The Adagietto, too, palls in comparison with the very best by such as Bernstein, Maazel and Tennstedt. All three had celebrated Mahler-specialist orchestras at their disposal: the Vienna Philharmonic in the case of the first two and the London Philharmonic, specially trained in Mahler by Tennstedt; by comparison with those two orchestras there is some want of richness in the Pittsburgh string tone. Nobody can make this music breathe like Bernstein while Tennstedt, too, in both his live and studio recordings, evinces his genius for long-breathed phrasing. Honeck tends to pull the tempo about rather aimlessly and loses the pulse in an account which is amongst the longest but not the tautest.

The Scherzo conforms to the established pattern of first-rate playing without quite capturing the last degree of nuance in the music - in this case, the delicate ironic balance evoking what Willem Mengelberg called "forced joyfulness".

Yet all is beautifully played in first-rate sound. There is virtually no indication that this recording was made from live performances. I have to say that I listen to this disc on standard, rather than SACD equipment, although by all accounts this series has so far met with the approval of SACD enthusiasts. Ultimately, there are too many truly great recorded versions of this most popular of Mahler's symphonies to justify my giving it a top recommendation, good as it is.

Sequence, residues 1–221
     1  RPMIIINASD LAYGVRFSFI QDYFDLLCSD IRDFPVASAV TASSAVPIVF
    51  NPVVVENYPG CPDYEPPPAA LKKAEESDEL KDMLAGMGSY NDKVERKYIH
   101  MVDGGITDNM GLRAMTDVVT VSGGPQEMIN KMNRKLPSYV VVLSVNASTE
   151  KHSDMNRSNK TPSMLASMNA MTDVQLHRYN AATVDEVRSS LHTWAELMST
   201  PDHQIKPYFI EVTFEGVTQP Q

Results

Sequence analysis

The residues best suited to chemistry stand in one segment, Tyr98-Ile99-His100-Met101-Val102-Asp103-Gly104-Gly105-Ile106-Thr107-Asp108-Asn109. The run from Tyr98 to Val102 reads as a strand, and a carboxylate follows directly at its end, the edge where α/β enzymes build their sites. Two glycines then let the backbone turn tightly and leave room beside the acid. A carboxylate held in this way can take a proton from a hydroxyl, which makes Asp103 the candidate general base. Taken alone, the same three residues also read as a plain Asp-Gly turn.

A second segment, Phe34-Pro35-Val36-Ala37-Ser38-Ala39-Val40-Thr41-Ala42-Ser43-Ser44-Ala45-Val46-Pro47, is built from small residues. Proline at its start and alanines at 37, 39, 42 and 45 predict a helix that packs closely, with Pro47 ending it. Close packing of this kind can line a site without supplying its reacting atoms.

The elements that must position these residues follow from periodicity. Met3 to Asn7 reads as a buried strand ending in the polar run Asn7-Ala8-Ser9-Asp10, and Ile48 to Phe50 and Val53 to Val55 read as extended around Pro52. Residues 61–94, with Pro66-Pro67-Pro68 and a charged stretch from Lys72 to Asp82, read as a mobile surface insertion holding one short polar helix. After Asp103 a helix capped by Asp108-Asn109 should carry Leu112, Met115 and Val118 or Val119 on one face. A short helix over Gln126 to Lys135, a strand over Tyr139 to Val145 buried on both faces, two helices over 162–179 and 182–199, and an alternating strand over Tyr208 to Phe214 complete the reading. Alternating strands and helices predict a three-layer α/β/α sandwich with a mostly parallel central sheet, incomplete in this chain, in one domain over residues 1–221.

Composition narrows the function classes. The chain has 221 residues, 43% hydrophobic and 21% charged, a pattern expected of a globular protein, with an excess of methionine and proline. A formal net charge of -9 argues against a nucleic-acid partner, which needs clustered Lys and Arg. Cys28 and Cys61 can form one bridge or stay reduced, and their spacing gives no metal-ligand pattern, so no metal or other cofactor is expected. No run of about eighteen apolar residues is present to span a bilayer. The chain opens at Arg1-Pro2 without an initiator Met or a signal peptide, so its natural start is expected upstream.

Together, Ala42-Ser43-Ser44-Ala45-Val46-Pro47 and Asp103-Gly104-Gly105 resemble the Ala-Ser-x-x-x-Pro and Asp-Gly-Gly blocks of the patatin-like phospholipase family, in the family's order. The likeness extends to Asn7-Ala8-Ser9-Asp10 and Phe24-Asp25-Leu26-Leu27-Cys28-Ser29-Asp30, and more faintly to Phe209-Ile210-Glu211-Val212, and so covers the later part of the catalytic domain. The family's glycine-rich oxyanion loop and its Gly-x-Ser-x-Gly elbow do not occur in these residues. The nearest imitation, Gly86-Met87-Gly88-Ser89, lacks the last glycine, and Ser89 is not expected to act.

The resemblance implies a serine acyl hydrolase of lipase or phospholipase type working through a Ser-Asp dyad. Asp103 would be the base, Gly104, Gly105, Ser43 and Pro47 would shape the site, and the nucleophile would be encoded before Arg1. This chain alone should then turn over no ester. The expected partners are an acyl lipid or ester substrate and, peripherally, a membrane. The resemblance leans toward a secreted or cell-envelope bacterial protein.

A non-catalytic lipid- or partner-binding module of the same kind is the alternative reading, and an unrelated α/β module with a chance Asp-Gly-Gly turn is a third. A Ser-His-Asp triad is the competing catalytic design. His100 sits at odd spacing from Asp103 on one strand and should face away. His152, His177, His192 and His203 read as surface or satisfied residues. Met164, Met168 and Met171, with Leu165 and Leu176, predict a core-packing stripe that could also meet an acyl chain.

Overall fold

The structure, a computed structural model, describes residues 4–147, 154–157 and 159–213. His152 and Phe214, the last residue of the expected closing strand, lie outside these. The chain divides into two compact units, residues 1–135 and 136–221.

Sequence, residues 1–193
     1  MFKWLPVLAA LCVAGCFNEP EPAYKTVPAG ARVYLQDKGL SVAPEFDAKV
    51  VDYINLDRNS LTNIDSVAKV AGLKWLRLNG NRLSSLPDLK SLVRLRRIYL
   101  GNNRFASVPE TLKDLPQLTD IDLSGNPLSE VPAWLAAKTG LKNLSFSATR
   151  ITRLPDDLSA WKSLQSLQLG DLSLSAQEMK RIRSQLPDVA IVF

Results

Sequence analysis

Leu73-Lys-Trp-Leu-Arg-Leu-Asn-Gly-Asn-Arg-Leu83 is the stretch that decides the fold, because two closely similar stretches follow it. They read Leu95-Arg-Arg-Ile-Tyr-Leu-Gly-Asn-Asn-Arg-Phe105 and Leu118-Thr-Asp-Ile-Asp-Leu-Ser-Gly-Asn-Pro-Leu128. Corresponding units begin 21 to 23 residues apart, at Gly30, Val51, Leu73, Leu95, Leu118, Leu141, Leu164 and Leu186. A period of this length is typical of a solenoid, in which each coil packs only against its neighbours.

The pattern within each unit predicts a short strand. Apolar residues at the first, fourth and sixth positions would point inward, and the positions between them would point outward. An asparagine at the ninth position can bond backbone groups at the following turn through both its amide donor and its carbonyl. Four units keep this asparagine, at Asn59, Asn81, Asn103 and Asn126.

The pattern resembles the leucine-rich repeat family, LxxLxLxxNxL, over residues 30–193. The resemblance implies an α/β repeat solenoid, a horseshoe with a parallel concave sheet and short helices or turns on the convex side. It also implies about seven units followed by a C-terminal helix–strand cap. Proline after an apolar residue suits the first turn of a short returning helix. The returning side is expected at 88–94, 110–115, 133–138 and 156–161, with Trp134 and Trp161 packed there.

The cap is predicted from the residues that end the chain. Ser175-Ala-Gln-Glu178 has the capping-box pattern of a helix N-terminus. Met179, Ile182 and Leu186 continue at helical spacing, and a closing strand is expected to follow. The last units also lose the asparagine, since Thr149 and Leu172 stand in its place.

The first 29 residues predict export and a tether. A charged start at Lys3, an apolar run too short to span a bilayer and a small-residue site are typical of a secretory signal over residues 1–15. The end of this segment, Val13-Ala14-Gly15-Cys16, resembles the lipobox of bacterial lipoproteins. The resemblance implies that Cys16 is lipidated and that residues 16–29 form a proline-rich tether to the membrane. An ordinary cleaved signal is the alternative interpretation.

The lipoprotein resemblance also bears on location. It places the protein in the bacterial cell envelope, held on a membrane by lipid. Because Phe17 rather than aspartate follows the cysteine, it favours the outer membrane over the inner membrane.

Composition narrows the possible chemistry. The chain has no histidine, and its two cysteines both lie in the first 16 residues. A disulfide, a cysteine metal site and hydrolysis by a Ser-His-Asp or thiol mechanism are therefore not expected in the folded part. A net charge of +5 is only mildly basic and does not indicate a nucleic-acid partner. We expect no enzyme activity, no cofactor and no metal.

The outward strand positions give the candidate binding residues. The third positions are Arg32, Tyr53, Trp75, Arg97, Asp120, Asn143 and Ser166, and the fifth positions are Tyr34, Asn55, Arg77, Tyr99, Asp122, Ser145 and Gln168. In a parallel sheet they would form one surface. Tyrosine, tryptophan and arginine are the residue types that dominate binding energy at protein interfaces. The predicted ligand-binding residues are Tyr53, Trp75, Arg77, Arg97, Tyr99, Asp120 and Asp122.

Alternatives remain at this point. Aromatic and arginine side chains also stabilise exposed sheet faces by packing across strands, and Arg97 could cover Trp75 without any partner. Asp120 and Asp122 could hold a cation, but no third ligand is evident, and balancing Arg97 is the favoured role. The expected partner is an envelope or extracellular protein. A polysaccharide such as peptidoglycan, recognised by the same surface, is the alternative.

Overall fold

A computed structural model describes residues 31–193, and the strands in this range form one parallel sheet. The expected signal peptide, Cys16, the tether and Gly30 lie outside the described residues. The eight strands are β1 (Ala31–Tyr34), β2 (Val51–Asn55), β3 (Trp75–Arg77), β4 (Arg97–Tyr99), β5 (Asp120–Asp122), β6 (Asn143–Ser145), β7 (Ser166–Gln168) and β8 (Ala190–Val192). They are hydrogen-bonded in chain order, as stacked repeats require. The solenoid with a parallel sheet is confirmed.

7 of 12 people found the following review helpful
I hate to throw cold water on this, but... 24 May 2012
By Avalanch - Published on Amazon.com
Format: Audio CD Verified Purchase
Well, I hate to throw cold water on this, but this CD recording of Mahler 5 by Honeck and Pittsburgh is somewhat disappointing. On a scale of 1 to 10, I give it a 7. It's far from terrible. It's actually rather good in many respects. It just doesn't measure up to the best of the other versions out there, ones by Bernstein, Barenboim and, yes, Alan Gilbert, who did a fantastic job with the piece in a concert performance by the New York Philharmonic a couple of years ago. This is no reflection on the Pittsburgh Symphony, which is a great orchestra, nor on Honeck, who is an excellent conductor. In fact, Honeck and Pittsburg did a better job with the Mahler 5th during a performance in Berlin last year that is available on youtube. That video performance is terrific, very exciting and executed with a lot of style. This CD recording made in Heinz Hall is, frankly, dull in comparison. If Honeck had picked up the pace a little, then the orchestra might have played with a little more commitment. I think Pittsburgh and Honeck simply had an "off" couple of days when they recorded this. Unfortunate. Better luck next time.